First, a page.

The story may seem like your average Bioware plot, but I think it’s a lot more unique than that. While your standard Bioware plot has you hailing from humble origins, you having to leave your place of origins for whatever reasons, your father figure or mentor murdered, and the spectacular revelation of your past, Jade Empire does a few things differently. Not too differently, I guess, but still differently. There are some setting elements that switch up much of the story’s dynamics. For instance, there are quite a few gods in the story, and you interact with them quite frequently. Overall though, many elements of the narrative, such as pacing and cohesion, will seem pretty familiar to Bioware fans. At the same time, it’s pretty easy to say “Jade Empire is pretty much a wuxia film” and call it a day. It’s also very linear, so take that as you will.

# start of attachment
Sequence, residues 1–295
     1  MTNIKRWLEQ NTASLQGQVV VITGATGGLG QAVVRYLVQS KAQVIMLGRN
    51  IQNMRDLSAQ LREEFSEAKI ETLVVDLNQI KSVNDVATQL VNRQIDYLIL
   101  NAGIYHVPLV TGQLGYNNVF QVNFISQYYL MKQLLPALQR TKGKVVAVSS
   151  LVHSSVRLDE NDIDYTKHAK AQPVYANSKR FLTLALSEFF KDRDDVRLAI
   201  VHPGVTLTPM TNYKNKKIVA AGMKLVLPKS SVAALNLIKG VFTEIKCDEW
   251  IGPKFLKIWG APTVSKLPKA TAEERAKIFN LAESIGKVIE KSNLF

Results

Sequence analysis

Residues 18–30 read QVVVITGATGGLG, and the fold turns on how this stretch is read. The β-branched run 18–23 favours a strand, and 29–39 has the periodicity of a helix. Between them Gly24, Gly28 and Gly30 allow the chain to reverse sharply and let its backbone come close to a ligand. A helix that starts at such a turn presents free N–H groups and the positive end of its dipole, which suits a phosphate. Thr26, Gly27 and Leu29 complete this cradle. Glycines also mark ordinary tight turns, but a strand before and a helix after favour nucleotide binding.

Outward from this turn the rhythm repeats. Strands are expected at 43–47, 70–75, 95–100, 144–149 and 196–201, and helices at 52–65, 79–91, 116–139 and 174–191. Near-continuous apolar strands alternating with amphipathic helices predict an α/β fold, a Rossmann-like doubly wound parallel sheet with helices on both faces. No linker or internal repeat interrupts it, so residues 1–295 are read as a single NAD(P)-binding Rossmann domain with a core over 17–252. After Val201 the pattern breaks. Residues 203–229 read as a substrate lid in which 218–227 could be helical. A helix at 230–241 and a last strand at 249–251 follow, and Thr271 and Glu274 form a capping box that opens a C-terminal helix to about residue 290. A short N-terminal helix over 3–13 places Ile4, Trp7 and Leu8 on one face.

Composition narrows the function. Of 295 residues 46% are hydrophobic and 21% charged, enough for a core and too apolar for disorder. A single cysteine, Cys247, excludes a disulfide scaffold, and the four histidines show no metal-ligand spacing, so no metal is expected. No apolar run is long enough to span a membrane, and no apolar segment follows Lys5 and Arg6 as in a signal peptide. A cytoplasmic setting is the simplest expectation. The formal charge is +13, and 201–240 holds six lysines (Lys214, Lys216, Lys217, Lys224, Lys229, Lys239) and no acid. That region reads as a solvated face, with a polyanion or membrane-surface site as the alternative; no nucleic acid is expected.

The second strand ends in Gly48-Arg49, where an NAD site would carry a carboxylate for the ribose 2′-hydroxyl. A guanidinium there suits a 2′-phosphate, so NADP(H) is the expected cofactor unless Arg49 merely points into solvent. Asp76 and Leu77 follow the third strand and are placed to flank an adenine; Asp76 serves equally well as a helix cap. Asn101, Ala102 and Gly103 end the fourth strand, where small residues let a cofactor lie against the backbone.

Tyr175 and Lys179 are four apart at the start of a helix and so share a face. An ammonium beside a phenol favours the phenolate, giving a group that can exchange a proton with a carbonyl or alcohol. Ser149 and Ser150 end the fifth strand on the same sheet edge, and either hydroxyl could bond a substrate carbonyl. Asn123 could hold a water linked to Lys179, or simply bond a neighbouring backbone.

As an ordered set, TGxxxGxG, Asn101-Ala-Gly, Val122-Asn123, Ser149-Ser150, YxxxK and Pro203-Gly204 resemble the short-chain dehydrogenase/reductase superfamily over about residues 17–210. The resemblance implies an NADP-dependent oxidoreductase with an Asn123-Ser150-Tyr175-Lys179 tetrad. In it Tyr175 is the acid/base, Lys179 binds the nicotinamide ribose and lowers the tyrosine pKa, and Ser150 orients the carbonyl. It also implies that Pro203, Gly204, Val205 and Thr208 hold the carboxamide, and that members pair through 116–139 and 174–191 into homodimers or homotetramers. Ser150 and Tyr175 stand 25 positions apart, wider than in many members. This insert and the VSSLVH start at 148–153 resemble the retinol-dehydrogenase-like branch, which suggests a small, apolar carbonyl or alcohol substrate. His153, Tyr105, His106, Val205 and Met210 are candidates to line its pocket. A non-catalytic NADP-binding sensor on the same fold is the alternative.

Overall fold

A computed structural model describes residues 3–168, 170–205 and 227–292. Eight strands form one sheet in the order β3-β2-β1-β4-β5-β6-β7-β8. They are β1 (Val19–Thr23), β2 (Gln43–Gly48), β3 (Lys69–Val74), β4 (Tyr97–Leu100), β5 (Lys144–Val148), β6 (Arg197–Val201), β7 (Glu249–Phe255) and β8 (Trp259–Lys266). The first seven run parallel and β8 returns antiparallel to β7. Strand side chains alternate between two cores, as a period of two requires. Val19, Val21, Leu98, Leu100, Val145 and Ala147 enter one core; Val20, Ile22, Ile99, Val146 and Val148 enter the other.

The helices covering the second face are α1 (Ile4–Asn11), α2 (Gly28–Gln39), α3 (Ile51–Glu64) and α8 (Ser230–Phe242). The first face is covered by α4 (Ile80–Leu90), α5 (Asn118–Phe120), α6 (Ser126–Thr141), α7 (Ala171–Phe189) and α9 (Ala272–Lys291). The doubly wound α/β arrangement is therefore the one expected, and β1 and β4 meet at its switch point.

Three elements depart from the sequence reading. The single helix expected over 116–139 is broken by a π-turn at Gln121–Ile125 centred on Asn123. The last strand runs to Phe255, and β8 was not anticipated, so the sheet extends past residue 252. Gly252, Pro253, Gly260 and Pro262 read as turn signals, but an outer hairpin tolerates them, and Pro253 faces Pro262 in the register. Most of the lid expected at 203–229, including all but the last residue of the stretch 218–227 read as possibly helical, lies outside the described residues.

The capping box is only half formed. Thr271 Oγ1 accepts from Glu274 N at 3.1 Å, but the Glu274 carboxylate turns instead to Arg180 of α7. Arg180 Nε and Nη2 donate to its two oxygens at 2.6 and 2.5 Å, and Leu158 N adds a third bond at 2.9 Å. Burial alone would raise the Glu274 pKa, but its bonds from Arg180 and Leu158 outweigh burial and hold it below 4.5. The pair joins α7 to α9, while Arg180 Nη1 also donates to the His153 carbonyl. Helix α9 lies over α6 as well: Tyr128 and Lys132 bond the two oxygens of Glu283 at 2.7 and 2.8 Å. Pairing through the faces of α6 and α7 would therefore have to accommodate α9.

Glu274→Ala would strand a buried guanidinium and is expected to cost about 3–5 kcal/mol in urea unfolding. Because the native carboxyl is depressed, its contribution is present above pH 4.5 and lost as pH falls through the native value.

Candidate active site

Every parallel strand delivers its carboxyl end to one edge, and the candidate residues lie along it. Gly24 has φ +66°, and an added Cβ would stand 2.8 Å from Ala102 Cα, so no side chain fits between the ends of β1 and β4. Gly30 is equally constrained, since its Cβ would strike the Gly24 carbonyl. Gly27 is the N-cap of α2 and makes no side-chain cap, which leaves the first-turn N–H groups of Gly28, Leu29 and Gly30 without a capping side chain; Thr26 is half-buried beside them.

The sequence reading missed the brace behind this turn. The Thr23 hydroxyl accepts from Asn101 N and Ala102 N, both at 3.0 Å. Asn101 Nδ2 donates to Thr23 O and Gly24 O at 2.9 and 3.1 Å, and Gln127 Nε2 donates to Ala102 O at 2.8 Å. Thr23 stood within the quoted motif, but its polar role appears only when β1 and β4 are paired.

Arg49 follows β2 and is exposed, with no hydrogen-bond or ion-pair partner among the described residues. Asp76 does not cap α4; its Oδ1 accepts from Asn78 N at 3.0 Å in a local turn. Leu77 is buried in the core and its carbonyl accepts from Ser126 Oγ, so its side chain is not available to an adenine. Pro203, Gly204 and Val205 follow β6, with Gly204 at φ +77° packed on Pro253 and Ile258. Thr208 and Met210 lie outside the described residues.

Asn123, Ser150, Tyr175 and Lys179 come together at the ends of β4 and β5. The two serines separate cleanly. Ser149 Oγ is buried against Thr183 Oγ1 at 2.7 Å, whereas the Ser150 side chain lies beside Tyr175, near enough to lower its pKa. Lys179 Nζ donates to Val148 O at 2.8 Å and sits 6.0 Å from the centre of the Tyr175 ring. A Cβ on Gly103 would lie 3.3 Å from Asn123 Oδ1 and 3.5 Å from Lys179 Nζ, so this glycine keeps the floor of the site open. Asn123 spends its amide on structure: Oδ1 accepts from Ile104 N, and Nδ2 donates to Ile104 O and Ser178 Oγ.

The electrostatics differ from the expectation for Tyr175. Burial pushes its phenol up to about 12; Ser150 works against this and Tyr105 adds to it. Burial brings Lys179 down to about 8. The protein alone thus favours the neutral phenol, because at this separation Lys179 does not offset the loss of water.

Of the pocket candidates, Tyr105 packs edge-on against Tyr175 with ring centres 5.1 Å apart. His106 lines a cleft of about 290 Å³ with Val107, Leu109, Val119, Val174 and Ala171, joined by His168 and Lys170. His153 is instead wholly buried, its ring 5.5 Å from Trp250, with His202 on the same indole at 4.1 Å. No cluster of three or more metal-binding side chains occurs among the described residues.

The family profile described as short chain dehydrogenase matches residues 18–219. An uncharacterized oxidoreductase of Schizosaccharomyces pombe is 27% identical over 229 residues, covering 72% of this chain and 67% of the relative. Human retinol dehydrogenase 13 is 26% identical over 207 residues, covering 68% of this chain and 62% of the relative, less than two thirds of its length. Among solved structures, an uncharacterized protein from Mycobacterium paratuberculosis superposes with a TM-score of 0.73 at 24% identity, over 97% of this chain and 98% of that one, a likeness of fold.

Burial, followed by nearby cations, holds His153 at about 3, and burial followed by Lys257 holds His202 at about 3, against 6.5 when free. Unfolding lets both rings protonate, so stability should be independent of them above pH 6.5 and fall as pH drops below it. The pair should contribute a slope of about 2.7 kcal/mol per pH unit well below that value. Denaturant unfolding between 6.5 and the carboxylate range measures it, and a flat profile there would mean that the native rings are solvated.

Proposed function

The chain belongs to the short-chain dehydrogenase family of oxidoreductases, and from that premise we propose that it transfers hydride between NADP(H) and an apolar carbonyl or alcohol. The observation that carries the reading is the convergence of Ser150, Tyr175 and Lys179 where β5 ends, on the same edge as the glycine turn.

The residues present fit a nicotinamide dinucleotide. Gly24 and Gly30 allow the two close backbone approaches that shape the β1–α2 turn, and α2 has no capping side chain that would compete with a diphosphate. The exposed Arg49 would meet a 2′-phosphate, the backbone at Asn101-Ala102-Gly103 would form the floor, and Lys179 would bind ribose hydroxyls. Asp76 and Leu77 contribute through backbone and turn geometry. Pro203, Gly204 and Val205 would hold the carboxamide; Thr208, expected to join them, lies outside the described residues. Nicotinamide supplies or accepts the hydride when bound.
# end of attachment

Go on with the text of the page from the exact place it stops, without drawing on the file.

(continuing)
However, I thought Jade Empire’s plot was pretty memorable (though not entirely the good kind of memorable), and I still have some points to cover. Let’s get one of the stupidest parts of the overall narrative out of the way. The morality system. As you may know, I’m not a fan of morality systems, and much rather prefer systems that denote relationships rather than some mystical sense of absolute morality. In the presence of gods, morality systems seem excusable to a degree, because the setting has already established some sort of absolute morality, or at least morality that exists above humans. Even with this, it surprises me that Jade Empire gets the morality pretty damned wrong.